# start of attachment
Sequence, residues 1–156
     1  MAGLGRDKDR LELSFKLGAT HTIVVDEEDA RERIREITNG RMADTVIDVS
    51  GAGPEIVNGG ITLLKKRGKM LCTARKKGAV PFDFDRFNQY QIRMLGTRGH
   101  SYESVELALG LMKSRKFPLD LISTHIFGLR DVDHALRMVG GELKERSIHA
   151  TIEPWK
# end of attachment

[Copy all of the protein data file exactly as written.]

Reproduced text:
Sequence, residues 1–156
     1  MAGLGRDKDR LELSFKLGAT HTIVVDEEDA RERIREITNG RMADTVIDVS
    51  GAGPEIVNGG ITLLKKRGKM LCTARKKGAV PFDFDRFNQY QIRMLGTRGH
   101  SYESVELALG LMKSRKFPLD LISTHIFGLR DVDHALRMVG GELKERSIHA
   151  TIEPWK